Daniel Mays: interview

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Daniel Mays, who stars in this week’s ‘Shifty’ says that Mike Leigh made him the actor he is today. The director cast him, not long out of Rada, in ‘All or Nothing’ in 2001. Since then, Mays has appeared in ‘Atonement’, ‘The Bank Job’ and Leigh’s ‘Vera Drake’ as well as on TV and stage. In his latest film, ‘Shifty’ – made in 18 days for less than £100,000 – he plays Chris, back in his hometown for a party and trailing after his drug-dealer mate Shifty (Riz Ahmed). Mays’s favourite scene features the usually classy Francesca Annis playing a crack-addict nan with a collection of stuffed cats. Mays is not long back from doing ‘Tintin’ with Spielberg. Not that he’s allowed to talk about it, or Leigh’s famously intense rehearsals for that matter

You’ve said you were a bit nervous taking on this tiny film by a first-timer, Eran Creevy. What clinched it?
‘I thought it was a sensational script. I come from Essex, Buckhurst Hill, where Jade Goody was buried. My hometown will forever be known for that. I used to have a sovereign ring on, those flares and hooded top. So I’ve got an affiliation with that area. Eran’s from Harlow, which is not far. There are so many films, you know, like “Kidulthood”, that are all about inner London. This is suburbia, and I think that Eran got that small-town mentality. And before it was a film about drugs it was a film about friendship, two men in love [laughing]. Know what I mean?’

You must have been the most experienced person on set.
‘This is Eran’s first film. Riz was pretty inexperienced, although he had made “Britz”. Actually, I don’t know why he was worried. But I felt a responsibility because I’ve been in the game longer. It’s sounds like I’m being the daddy!’

Eran Creevy based the character of the drug dealer Shifty on a childhood friend. Did he talk much about that?
‘Yeah, there is actually a real Shifty. think he’s in jail now.'

I heard that Creevy showed him the script and he thought it was a bit soft.
‘Yeah. I think he had artistic licence.’

There’s quite a lot of humour in there too, what with crack nan and her cats.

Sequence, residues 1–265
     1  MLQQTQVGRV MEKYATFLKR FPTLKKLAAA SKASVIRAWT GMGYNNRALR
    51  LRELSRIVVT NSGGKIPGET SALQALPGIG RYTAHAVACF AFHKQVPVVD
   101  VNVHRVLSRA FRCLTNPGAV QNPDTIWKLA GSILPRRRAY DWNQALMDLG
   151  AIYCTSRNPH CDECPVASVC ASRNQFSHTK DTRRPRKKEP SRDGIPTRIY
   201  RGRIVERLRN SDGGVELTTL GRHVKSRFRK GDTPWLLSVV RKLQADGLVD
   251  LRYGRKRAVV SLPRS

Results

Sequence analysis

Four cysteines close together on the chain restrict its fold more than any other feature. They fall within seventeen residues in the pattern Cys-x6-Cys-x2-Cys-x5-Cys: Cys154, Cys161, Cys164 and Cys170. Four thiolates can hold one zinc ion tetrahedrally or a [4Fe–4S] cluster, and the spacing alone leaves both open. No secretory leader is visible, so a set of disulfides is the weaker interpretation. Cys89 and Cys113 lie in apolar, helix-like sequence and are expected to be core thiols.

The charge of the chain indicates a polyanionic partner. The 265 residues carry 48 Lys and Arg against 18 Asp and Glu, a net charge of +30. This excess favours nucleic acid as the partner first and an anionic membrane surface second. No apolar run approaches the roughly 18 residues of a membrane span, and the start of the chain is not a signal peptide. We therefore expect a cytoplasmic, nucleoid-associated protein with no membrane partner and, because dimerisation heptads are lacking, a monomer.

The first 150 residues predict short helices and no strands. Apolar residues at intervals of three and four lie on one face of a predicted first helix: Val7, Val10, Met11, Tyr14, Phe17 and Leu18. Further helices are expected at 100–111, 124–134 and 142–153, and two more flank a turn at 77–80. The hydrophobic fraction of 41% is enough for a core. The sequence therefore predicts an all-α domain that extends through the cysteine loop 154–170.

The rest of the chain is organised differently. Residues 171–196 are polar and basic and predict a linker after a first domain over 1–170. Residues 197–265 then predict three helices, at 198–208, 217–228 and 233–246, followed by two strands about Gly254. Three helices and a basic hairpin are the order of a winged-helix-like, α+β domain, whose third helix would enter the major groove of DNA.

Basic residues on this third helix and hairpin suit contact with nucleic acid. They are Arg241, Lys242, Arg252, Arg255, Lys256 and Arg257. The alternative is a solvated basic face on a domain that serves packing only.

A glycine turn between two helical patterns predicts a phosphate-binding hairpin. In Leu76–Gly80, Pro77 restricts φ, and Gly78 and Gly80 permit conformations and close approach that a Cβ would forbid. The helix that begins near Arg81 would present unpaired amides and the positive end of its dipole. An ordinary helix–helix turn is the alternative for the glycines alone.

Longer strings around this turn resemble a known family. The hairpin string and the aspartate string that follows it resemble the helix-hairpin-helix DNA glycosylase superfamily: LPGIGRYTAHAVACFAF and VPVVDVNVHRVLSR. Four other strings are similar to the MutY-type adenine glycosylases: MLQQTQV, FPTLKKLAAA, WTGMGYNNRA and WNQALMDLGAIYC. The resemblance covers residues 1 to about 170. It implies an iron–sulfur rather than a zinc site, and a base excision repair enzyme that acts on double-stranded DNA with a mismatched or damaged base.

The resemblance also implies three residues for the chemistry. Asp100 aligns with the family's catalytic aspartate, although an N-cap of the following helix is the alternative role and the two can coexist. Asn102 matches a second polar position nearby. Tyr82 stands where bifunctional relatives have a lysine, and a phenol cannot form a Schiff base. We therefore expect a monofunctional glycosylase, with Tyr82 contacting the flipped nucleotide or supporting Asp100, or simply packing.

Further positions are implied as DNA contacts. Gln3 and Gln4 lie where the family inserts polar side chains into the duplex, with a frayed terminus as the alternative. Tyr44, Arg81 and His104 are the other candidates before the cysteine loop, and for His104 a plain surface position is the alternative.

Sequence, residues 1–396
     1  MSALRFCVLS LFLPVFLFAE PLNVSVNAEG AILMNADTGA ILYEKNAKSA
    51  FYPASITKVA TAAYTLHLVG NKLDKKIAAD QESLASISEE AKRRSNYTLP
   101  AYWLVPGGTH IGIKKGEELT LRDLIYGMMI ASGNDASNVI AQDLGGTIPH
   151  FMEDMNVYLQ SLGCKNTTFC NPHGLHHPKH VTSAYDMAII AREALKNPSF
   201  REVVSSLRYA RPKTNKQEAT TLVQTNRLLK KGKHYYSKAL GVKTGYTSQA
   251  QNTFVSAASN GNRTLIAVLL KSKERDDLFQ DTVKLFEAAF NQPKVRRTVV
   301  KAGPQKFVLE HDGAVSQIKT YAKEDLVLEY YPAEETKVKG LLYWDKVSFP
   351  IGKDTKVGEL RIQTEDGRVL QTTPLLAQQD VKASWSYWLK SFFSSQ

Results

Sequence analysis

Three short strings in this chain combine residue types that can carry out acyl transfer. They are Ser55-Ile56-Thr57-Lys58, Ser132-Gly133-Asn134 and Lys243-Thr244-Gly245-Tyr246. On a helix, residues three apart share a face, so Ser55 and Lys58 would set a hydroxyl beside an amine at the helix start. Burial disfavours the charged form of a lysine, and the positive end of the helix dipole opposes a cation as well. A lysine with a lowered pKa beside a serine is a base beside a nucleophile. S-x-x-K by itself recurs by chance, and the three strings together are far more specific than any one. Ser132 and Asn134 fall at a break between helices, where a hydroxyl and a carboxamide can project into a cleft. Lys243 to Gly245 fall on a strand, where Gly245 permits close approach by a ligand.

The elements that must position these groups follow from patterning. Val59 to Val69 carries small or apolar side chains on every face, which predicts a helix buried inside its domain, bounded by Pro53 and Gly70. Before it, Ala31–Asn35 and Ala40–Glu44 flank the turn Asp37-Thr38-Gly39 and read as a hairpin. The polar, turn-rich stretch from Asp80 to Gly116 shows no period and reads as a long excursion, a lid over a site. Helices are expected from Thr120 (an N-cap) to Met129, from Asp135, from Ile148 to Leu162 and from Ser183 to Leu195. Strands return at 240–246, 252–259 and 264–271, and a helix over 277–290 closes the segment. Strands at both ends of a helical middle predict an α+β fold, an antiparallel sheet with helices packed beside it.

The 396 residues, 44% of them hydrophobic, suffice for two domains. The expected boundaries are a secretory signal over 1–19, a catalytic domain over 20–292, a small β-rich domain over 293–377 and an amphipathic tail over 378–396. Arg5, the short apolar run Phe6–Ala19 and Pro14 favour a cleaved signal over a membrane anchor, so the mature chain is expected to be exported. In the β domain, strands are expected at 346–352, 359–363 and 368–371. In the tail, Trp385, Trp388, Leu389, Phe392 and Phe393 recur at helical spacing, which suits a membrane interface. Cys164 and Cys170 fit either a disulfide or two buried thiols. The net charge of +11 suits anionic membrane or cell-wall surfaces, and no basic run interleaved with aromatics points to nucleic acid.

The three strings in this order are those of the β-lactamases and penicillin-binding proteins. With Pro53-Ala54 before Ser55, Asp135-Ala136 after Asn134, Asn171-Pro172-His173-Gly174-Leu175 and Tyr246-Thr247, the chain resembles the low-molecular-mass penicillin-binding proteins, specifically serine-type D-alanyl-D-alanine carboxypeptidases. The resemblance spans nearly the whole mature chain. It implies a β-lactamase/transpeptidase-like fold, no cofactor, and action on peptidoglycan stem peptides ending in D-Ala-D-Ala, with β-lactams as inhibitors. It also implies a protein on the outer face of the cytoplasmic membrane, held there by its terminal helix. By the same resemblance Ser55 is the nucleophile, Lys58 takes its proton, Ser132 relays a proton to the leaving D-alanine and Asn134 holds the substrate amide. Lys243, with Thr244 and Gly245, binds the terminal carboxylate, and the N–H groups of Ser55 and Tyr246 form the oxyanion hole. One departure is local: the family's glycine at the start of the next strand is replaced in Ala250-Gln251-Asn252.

‘They were meant to be real cats. But they didn’t have the budget so they used stuffed ones. It worked out in our favour. That’s one of my favourite scenes. Again that helps the film, that it retains its humour. If it got heavy it would become too kitchen sink. All that social realism stuff. Which is fine.’

And which you’ve done a fair share of.
‘Yeah, I’ve done lots of that.’

It’s another film with you using the F-word every second sentence.
‘Oh man. God. When I did “All or Nothing” someone counted the fucks in it. My mate did. And I’m only in seven scenes and it went into the 50s. I remember the cast-and-crew screening I took my mum and dad along to. My mum was sitting next to me and as soon as I came out I went “fucking hell”, and she just buried her head in her jumper. But she liked it. I owe so much to Mike Leigh. He’s made me the actor I am without question.’

The improvisations on ‘Vera Drake’ are well documented: the family not finding out that Vera is an abortionist until the police come knocking. How hard is it to stay in character?
‘You’ve got to have that discipline not to break it. The thing is when you’re in character you don’t come out of it until you are instructed. And you’re never allowed to talk to the other actors about your character. You only know what your character knows. I cannot describe how it felt when Phil Davis, who was playing my dad, came back and said: “You should sit down, she’s been helping young girls.” I was in fucking bits, absolute bits. There are loads of amazing methods, exercises that Mike uses, that I could talk all night about. But I’m sure he wouldn’t want me to tell anyone about it.’

Atonement’ and ‘The Bank Job’ were well received in the US and Hollywood loves a Brit. Are you tempted by that?
‘Well I’ve just done “Tintin” with Spielberg, which was great, but I can’t really say anything about it. So that was awesome. AWESOME [laughing]. Listen to me. I got an American agent. I don’t know what to think about that. I’m sort of in limbo with it all really. You go over and there are all these fantastic English actors in shows. You never know what’s going to happen but I think you have to be careful. Because I’ve got to look at the work that I’ve done: the films or “Red Riding”, or the dramas like “White Girl” or “Consent” that I’ve done for Channel 4. I’m proud of them.

‘We should be proud of what we can achieve in Britain. It’s some of the best stuff in the world.’

Shifty’ is out in cinemas now

Author: Interview: Cath Clarke



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